The principal then informed Lyne’s parents that she wasn’t a troublemaker; she was a dancer. Her parents went on to enroll her in dance classes. She was astounded to find that there were other people who felt, thought, and moved like she did. Gillian Lyne went on to become a famous ballerina and then sealed her legacy as a gifted human being when she choreographed the Broadway Musical, “Cats.” Imagine the loss the world might experience without these kinds of students being given opportunities to learn in different ways. Not only would the student struggle significantly, but there would have been other significant loses had a Fine Arts education not been extended. Imagine the works we could come across by extending those kinds of classes to more students. Ironically, the “No Child Left Behind” movement that pushed for math and science left some students far behind.
Encourages students to try
It’s easy for kids to make art. They love it. It’s not hard for them to create something new and love it without comparing it to others. By the time they reach their teenage years, a lot of these students have lost that easiness. While it may “make sense” to argue that kids don’t need to be able to draw in order to succeed in life, it doesn’t make sense to ignore the fact that kids are afraid to create something new. Why are they afraid? Because they have been ingrained to believe that making mistakes is one of the worst things they could do.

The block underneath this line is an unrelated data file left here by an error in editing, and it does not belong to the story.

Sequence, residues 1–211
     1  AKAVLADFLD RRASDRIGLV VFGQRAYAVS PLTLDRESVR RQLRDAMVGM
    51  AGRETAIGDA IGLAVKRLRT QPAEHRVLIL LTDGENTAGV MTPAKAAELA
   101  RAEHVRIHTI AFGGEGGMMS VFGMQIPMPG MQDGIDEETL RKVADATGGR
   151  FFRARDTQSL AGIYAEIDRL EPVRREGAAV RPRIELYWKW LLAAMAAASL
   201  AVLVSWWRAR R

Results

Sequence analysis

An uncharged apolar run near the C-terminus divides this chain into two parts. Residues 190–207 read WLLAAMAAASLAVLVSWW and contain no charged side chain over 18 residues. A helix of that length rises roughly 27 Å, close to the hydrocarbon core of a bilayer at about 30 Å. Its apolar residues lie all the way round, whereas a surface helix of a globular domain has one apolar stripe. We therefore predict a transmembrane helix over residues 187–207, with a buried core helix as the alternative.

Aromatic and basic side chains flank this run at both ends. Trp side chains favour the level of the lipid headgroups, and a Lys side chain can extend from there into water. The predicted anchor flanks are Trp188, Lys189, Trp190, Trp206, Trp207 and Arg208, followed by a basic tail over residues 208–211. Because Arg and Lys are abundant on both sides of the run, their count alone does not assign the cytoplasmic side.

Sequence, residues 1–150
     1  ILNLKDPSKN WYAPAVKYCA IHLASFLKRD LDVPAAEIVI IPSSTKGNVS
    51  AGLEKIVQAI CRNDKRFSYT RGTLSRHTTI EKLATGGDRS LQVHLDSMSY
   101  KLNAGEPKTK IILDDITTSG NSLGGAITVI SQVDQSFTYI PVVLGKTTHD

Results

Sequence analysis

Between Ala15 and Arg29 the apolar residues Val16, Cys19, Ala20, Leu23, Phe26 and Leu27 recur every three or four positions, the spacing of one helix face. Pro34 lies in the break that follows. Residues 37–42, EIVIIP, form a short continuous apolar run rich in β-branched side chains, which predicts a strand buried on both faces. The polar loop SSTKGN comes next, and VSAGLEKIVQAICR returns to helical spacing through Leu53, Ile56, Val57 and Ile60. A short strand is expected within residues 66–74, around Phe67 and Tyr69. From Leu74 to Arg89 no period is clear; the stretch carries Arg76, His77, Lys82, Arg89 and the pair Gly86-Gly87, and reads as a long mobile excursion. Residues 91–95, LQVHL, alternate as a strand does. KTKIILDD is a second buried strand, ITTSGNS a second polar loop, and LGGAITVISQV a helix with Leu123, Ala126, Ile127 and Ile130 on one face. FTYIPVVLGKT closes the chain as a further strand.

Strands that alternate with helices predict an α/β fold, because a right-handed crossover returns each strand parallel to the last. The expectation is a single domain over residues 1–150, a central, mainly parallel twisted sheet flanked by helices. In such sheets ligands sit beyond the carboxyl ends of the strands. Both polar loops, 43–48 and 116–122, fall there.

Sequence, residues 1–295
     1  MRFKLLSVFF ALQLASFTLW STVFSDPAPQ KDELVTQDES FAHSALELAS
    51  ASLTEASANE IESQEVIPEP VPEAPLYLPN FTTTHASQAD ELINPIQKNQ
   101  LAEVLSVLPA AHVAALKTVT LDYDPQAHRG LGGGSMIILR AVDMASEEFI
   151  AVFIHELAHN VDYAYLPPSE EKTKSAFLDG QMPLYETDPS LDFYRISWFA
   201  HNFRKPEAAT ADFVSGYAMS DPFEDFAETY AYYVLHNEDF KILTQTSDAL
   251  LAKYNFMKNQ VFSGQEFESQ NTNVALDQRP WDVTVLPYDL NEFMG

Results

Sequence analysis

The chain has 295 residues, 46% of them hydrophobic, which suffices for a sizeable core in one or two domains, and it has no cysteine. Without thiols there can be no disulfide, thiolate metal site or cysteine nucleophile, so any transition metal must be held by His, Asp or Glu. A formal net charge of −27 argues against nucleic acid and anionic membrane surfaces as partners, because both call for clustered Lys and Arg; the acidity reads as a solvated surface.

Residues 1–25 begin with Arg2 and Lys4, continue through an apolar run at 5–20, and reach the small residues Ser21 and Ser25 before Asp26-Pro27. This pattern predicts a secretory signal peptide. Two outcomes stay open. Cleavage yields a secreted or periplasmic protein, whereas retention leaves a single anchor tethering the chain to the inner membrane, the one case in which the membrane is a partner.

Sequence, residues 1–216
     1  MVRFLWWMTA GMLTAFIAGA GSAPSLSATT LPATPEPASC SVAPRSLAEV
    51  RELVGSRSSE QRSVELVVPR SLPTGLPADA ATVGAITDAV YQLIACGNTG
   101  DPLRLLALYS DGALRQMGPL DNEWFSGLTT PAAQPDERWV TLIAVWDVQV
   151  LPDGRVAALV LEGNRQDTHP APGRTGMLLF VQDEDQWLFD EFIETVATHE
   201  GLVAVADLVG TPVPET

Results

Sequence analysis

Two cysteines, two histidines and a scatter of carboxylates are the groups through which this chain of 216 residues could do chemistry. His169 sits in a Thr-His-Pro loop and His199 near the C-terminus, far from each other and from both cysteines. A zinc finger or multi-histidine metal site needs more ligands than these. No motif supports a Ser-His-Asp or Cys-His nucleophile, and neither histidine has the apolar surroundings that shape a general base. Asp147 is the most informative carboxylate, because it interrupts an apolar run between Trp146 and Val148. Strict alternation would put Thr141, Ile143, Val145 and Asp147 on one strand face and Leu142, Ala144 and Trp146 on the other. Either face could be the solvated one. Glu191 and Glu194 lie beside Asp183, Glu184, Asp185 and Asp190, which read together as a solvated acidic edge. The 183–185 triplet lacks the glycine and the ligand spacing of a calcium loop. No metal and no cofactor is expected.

We may be building students who know how to follow the rules of math, science, and engineering (and even that’s debatable considering the fact that America continues to score in the middle of the pack even after all of these new initiatives screaming for STEM emphasis in the classroom), but we are not building students who know how to take those rules and make new discoveries or invent technology that is going to further society as we know it. They are too afraid to make mistakes that they refuse to try something new.
Art helps to combat this idea mistakes are the end of the world. Art allows room for self-expression and the idea that there are many “correct” processes and results. We need more of this in America. America has always infinitely excelled in creating the next “new.” By draining this creativity from every aspect of our education system, we are draining these skills and taking away what helped America to compete globally in the first place.